Posts Tagged ‘interview’

Under the sea: The art of creating Subnautica’s flora

If you’ve spoken to me for more than five minutes, chances are I’ve mentioned Subnautica [official site]. It’s an open world survival game set largely underwater on an alien planet. You explore biomes, collect resources and, as updates to the early access project add more content, start to piece together the story of the planet. I played huge amounts of the game before more significant story elements were added and my big project was my volcano lair’s garden. I collected all the weird and wonderful plants I could and cultivated them in little plant beds outside my underwater home. That’s why, when I had a chance to speak with art director Cory Strader, I immediately wanted to talk about the game’s flora.

Read on to find out how The Abyss, microscopy and a real fish with a transparent head and a visible brain all played their part! P.S. You can click on images to see larger version of the concept artwork or, if they’re game screenshots, to just see them in isolation. Read the rest of this entry »

The Electronic Wireless Show – IGF Special #1: Sci-fi

It’s time to use to our radio voice. The RPS Electronic Wireless Show has historically been our not-very-regular podcast where we gather to tell each other how wrong we are about videogames. But this month it has mutated into something different. In the lead-up to this year’s Independent Games Festival, we interviewed a whole bunch of developers, all of whom have been nominated for some kind of award this year. We’ll be talking to them about sex, politics, and other things we’ve never understood.

In part one, we’re talking science fiction with the makers of Duskers, Quadrilateral Cowboy and Event[0]. Click onward to listen here, or find it on Soundcloud directly.
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White Wolf and the World of Darkness revival: “Asking ‘when will you rage?’ has never been more relevant”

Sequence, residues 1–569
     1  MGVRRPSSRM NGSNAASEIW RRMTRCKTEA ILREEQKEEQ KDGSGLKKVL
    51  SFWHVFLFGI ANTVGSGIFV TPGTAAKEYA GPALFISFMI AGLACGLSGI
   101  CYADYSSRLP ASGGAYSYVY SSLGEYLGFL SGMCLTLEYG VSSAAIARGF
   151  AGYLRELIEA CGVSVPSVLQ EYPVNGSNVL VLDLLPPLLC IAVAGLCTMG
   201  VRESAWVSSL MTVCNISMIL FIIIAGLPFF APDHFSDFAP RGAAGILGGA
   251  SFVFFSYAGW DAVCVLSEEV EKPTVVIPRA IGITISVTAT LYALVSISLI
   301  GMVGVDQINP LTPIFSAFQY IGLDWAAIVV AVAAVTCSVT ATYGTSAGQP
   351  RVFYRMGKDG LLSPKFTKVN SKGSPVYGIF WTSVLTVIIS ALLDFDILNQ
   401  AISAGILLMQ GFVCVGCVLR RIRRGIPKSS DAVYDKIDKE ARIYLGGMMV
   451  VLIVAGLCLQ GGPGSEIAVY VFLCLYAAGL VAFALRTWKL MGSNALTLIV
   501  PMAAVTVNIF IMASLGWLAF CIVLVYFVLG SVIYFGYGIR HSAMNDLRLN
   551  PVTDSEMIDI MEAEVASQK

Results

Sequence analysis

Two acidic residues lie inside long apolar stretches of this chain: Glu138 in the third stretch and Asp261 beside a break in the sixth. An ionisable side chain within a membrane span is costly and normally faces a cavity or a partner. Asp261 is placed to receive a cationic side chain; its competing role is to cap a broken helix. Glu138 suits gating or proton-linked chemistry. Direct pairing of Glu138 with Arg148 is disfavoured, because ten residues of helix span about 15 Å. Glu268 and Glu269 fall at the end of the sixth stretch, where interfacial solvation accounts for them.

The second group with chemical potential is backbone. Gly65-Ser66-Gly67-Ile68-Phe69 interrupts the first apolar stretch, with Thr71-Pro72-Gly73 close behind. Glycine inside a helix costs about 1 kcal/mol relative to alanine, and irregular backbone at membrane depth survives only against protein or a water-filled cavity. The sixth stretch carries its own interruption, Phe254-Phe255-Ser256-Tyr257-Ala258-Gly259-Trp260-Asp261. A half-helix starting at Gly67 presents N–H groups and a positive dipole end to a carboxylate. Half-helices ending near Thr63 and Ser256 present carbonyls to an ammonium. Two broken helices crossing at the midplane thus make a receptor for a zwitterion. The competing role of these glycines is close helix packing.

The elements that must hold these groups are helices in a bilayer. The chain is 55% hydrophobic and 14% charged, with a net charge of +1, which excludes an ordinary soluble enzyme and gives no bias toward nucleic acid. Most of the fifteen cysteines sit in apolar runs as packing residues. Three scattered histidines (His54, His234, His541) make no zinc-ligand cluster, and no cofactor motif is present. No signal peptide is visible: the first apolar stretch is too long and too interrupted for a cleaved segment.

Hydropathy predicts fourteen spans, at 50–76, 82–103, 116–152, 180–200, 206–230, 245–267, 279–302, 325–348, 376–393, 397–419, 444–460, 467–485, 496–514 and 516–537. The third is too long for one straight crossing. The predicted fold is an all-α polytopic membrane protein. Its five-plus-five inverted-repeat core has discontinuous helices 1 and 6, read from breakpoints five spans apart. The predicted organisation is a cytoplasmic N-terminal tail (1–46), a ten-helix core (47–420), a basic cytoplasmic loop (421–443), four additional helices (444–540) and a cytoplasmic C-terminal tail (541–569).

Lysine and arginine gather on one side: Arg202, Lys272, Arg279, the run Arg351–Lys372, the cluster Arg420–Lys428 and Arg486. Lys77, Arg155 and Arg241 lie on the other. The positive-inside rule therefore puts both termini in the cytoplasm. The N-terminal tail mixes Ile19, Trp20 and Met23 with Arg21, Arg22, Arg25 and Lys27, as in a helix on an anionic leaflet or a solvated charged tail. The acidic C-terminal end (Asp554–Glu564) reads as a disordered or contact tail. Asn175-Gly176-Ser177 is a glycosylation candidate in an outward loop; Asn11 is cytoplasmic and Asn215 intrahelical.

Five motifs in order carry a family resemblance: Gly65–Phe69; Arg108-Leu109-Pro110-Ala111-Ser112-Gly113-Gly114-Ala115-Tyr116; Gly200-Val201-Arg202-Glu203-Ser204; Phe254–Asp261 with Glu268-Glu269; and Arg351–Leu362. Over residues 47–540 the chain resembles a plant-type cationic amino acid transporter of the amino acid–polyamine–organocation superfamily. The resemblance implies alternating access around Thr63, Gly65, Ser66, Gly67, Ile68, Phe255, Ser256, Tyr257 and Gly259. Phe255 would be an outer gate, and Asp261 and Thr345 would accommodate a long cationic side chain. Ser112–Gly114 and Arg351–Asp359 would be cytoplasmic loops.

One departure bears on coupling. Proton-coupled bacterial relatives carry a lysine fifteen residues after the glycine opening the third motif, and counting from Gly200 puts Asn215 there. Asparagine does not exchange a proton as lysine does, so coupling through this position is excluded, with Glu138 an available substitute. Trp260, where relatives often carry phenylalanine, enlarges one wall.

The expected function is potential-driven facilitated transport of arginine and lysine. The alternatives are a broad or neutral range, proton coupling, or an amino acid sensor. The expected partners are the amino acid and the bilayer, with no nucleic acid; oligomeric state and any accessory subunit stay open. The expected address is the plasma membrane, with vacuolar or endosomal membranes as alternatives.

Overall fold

Last week, I sat down with Martin Ericsson, lead storyteller at White Wolf, publishers of the World of Darkness RPG systems and interwoven storylines. It’s a strange and exciting time for the company, who are about to step back into the spotlight after a decade-plus drought of digital games since 2004’s much-loved Vampire: The Masquerade – Bloodlines. For much of that time Ericsson and colleagues were locked into a licensing deal with CCP, working on the ill-fated and never released World of Darkness MMORPG, but now they’re ready to begin a new generation of stories.

We talked about the recently announced Werewolf: The Apocalypse game and how its werewolves act as nature’s remedy to mankind’s ills, as well as that MMO and the broader shape of White Wolf’s future. Along the way we discussed punching Nazis, why now is the perfect time to get angry, and how World of Darkness is about the here and now as much as its own mythology. This isn’t just one game, it’s the rebirth of a world.

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Interview: Windows 10’s new Game Mode explained

Just last week (and yet somehow an eternity ago, in terms of world events), Microsoft announced that they’d soon be adding something called ‘Game Mode’ to Windows 10 with the aim of improving games’ performance, but gave away few details about what this might involve. Are we talking real framerate gains, suppressing potentially bothersome background tasks or just freeing up a wee bit of RAM?